Mountain tourism striving for comeback

     Mountain businesses are still feeling the brutal effects of the Slide and Grass Valley fires that scorched communities last October and reaked economic havoc on retail shops, hotels and cozy bed-and-breakfast lodgings.
     But with Wednesday’s 2nd annual Mountain Lakes Economic Summit coming up, hope floats for better times.
     The event will be held at Northwoods Resort in Big Bear Lake.
     “Various retailers are off 30 percent,” said David Stuart, executive director of Rebuilding Mountain Hearts and Lives, which has offices in Blue Jay and Running Springs. “They’re saying business is still sluggish, and lodging is down.”
     Various retailers, real-estate associations and service clubs are supporting the second event, but Lake Arrowhead businesses opted not to join this year. They had participated in last year’s event when it was held in Lake Arrowhead.
     “There’s two schools of thought,” Stuart said. “One is that various areas should stand alone and market themselves, and the other one is to do a mountainwide concept and let (tourists) make their choices.”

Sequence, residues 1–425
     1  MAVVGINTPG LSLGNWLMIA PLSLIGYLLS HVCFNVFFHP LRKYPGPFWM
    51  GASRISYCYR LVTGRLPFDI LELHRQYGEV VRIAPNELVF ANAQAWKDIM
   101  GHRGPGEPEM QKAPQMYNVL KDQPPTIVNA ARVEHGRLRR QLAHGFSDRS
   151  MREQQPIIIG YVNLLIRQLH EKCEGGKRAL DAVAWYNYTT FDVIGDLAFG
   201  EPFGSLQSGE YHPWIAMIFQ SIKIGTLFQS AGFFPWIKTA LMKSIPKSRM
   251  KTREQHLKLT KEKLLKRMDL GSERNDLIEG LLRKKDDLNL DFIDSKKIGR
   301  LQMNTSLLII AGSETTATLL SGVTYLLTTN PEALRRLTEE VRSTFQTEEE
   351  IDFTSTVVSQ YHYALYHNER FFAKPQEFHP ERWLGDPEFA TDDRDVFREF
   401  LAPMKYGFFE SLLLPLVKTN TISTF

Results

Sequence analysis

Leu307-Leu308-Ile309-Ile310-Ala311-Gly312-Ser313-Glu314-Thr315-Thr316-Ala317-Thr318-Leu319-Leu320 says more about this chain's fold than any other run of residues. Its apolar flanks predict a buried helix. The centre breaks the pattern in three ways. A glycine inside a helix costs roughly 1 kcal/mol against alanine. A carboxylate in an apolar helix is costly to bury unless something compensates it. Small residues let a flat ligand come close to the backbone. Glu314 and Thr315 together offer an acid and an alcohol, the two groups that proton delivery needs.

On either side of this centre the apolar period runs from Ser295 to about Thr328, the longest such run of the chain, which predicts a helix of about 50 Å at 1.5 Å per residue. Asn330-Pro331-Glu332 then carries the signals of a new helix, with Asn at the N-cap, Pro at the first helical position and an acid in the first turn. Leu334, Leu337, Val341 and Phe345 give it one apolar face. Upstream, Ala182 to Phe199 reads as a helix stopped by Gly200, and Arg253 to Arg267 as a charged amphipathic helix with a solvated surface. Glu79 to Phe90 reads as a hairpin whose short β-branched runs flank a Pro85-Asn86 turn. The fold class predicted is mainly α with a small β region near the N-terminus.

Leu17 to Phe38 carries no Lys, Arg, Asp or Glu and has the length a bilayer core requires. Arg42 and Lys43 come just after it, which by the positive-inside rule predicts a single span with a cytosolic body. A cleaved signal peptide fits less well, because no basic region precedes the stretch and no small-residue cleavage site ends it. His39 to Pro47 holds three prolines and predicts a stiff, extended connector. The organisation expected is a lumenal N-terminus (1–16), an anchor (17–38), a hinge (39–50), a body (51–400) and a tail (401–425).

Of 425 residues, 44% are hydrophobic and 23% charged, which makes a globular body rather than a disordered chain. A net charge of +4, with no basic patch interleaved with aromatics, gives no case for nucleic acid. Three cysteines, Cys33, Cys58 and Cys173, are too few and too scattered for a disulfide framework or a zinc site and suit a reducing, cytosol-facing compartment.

Only time will tell whether businesses from all over the San Bernardino mountains jump on one concept versus the other, but steam is gaining for the latter of the two ideas, Stuart said.
     “We’re one community with a lot of post offices,” he said. “We have a strong element up here that would like to see a mountainwide economic program.”

One thought on “Mountain tourism striving for comeback

  1. My husband and I have spent two weekends in Big Bear in the last many years. One night we got a room that was a tiny wedge that might have been a closet at one time in a hotel. It would have been okay, but it was summer and there was no air conditioning and we roasted all night.

    The second try was renting a cabin through a referral service. Yes, it had a queen sized bed, kitchen and hot tub, but they were all contained in a space the size of a small bedroom. No, it wasn’t pleasant. We didn’t even try the hot tub. And it was very pricey…much more expensive than many places we’ve stayed in resort areas.

    And then, there is the issue of the incredible amount of traffic–bumper to bumper to bumper which made us just want to hole up in our tiny cabin and cook dinner on the stove there instead of going out.

    We did take a nice walk and saw some bald eagles, but for the most part up there looked a lot like down here and we haven’t wanted to go back.

    Lake Arrowhead is a bit more pleasant, I think although we’ve never gone there except for day trips.

    Good luck marketing typical so Cal traffic, businesses, strip malls and such in an atmosphere of dying pine trees. Big Bear is really more of a regular suburb than a resort destination, IMO.

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